September 19, 2017
Scientists have identified a hotspot for autism-related mutations in a single gene.
Through the study of data collected from thousands of genomes of people with autism-spectrum disorders, researchers at the University of Southern California focused on a gene called TRIO. The gene produces a protein that influences the development and strength – or weakness – of the connections between brain cells.
Eight autism-associated mutations were found clustered within a small region of the Trio protein, scientists said. Changes in the protein's function early in a child's brain development can potentially hamper connections between brain cells and, consequently, make it harder for the brain to store and process information.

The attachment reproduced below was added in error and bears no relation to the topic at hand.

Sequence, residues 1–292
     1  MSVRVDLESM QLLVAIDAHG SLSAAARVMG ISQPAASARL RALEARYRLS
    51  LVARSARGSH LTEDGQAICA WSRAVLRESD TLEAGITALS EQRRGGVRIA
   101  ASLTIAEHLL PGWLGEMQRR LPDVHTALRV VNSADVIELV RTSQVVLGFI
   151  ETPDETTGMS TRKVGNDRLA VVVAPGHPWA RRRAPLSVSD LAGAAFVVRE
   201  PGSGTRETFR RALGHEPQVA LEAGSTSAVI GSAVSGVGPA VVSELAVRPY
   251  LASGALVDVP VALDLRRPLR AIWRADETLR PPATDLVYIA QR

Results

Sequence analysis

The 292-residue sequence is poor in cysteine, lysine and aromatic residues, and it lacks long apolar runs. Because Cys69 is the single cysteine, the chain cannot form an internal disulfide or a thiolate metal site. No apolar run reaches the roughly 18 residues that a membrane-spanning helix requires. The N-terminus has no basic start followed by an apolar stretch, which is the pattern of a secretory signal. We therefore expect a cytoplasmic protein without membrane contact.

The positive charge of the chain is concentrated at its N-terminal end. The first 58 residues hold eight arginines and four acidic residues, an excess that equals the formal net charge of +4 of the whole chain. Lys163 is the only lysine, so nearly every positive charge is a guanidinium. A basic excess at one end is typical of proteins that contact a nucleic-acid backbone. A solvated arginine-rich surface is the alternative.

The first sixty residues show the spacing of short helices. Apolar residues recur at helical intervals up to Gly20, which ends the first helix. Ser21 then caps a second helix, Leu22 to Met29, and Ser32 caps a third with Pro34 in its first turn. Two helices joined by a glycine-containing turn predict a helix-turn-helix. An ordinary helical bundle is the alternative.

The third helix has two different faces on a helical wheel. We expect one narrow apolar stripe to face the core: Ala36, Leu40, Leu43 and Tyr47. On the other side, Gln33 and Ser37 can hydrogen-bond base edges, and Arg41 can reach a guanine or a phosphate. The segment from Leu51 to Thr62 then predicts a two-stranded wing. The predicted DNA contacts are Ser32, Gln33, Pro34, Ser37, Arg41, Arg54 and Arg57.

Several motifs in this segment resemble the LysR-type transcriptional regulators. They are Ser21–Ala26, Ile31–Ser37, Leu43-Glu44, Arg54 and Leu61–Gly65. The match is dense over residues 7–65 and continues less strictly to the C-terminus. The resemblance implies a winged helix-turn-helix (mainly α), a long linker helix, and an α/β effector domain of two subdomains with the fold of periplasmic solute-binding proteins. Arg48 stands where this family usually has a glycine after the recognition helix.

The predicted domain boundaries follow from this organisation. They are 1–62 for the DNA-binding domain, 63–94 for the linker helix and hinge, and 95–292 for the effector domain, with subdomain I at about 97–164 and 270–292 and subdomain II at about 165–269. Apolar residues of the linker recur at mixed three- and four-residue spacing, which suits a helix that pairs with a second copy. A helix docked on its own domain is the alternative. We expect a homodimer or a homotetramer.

"I have never seen this number of autism-related mutations in such a small area," said Bruce Herring, the study's corresponding author and a neurobiologist at the USC Dornsife College of Letters, Arts and Sciences, in a news release. "The likelihood that this number of mutations occurs by chance is 1 in 1.8 trillion. We're pretty confident these mutations contribute to the development of autism-related disorders."
Autism affects about 3.5 million Americans, and about 1 in 68 U.S. children, according to the Centers for Disease Control and Prevention. It is known to hamper socialization and communication and is often accompanied by intellectual disability. No single cause of autism has been identified.
"Many genes have been implicated in autism," added Herring, an associate professor for USC Dornsife's Section of Neurobiology. "What we want to know is: What do these genes have in common? We are looking for the points of convergence that ultimately lead to this spectrum of disorders."
The findings were published Tuesday in the journal Nature Communications.